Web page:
DR. DEBORAH BIRX, WHITE HOUSE CORONAVIRUS RESPONSE COORDINATOR: Great, thank you. Good evening.
We've been -- it was good getting out last week meeting with communities. We know that the real solutions to this is every American has a role in stopping the spread of the virus and so we wanted to really put out guidance for every American and every community that was practical and common sense but detailed in a way that everyone would know precisely what to do.
The guidance will be around how to keep workplaces safe, how to keep schools safe, how to keep the homes safe, and how to keep commercial businesses safe where people would eat or be present.
The importance about this is we believe that communities are at the center of this. I came from a field where it was the communities that really solved our issues around HIV prevention, and so we're very much speaking to the communities and the American people about what can be done. All of this information came from a paper that Dr. Fauci provided from the Australians, first author (ph) Dalton.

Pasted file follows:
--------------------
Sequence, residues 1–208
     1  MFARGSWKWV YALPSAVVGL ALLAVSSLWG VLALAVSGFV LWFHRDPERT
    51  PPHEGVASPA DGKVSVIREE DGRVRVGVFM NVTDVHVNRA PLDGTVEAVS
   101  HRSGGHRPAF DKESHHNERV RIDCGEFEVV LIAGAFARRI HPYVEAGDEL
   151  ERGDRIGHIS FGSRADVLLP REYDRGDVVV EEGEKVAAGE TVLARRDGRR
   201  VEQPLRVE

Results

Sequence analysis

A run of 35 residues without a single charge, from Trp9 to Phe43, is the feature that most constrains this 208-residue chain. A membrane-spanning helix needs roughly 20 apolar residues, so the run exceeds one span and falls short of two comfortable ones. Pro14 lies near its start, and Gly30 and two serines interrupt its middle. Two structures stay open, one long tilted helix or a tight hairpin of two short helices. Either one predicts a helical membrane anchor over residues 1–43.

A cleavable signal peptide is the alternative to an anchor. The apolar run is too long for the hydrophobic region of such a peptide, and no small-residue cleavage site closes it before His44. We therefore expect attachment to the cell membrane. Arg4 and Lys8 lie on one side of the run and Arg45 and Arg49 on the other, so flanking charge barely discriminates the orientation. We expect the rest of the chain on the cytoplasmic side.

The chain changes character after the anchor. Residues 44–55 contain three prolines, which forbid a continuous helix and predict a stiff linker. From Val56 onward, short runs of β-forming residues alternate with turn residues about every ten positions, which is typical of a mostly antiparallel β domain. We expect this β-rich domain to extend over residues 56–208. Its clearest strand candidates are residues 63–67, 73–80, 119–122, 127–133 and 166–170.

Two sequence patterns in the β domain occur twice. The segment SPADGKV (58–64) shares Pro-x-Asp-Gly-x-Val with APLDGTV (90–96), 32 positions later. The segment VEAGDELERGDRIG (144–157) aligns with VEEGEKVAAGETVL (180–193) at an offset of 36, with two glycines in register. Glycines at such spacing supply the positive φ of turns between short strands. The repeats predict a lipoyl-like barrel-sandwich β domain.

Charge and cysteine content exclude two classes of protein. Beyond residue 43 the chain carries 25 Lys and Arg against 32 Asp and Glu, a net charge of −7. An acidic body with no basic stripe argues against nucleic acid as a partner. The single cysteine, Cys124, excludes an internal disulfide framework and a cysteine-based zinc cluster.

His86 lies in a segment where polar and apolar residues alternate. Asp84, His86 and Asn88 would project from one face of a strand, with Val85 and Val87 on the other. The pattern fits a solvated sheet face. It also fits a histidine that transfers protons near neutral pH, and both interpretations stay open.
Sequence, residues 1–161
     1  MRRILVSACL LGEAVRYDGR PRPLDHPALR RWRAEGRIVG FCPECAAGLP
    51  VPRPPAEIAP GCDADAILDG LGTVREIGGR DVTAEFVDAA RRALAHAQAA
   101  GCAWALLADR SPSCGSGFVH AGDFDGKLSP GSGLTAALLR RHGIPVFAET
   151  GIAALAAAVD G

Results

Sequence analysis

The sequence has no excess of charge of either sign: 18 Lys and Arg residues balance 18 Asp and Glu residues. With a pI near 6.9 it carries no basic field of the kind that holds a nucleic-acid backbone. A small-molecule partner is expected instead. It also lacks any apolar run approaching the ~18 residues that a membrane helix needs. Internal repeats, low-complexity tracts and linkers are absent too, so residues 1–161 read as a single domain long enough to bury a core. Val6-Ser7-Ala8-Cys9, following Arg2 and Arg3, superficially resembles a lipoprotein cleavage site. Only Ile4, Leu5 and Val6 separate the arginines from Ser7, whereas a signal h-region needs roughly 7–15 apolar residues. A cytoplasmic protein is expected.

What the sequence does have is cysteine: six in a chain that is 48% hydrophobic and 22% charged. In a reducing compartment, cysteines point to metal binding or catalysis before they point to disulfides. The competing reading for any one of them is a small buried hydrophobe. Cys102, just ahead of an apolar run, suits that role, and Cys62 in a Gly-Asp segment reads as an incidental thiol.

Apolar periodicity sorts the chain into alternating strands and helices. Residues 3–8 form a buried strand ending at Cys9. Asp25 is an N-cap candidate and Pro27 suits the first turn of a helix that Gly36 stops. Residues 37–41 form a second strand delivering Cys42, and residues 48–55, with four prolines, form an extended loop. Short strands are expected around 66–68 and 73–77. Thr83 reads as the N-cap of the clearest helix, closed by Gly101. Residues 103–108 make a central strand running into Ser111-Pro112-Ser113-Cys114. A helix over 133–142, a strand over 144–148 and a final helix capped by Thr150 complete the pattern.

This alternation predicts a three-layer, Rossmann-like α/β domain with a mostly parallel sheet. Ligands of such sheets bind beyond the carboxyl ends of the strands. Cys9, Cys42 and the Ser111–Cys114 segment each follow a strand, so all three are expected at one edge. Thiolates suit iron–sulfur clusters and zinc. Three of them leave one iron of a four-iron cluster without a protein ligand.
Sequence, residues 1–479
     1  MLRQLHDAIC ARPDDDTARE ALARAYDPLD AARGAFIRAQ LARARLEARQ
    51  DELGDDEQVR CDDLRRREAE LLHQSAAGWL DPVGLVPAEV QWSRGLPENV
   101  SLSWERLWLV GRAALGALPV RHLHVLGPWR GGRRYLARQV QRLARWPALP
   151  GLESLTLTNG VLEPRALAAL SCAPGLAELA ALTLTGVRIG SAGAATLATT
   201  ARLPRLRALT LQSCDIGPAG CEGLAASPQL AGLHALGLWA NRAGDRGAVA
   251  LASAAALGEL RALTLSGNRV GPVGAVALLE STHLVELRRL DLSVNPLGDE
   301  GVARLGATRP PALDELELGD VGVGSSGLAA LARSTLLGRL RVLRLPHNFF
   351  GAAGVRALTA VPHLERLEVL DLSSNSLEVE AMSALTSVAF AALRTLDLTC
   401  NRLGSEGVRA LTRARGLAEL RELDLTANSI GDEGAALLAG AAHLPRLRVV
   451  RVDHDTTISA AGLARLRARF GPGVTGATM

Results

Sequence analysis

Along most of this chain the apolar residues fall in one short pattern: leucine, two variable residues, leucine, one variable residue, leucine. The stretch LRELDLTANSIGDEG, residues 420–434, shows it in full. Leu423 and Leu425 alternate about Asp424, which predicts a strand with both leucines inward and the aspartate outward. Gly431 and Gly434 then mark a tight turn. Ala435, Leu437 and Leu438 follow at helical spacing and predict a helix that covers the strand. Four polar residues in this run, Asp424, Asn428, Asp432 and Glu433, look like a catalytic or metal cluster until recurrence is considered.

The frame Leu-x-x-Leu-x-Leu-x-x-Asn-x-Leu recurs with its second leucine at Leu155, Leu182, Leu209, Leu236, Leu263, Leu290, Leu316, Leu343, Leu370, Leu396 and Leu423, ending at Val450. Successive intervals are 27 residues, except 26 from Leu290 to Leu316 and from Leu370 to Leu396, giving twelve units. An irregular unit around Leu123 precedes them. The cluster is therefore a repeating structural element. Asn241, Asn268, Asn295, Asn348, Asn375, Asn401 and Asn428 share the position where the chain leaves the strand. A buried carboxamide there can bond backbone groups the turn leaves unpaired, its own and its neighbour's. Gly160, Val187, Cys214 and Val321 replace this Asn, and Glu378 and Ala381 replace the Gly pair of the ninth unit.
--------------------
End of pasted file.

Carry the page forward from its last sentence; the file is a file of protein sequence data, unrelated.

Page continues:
So, you can actually look up the scientific evidence that informed each of these guidelines, but we will be providing that this evening in great detail so that every mother, father, child, son, daughter, caregiver will know precisely what to do and what to ask for.
PENCE: Dr. Fauci?
DR. ANTHONY FAUCI, DIRECTOR, NATIONAL INSTITUTE OF ALLERGY & INFECTIOUS DISEASES: Yes.
Just to reiterate with what Dr. Birx said, it was just -- it's simple as that. We have been speaking about the kinds of things that would keep our citizens safe in a variety of environments. We've been speaking about on telephone calls. We've been speaking about conferences. The CDC has been talking about this for a long time, as has Dr. Birx and I.
So, we thought we would put it together in a neat form way that would be available to the general public.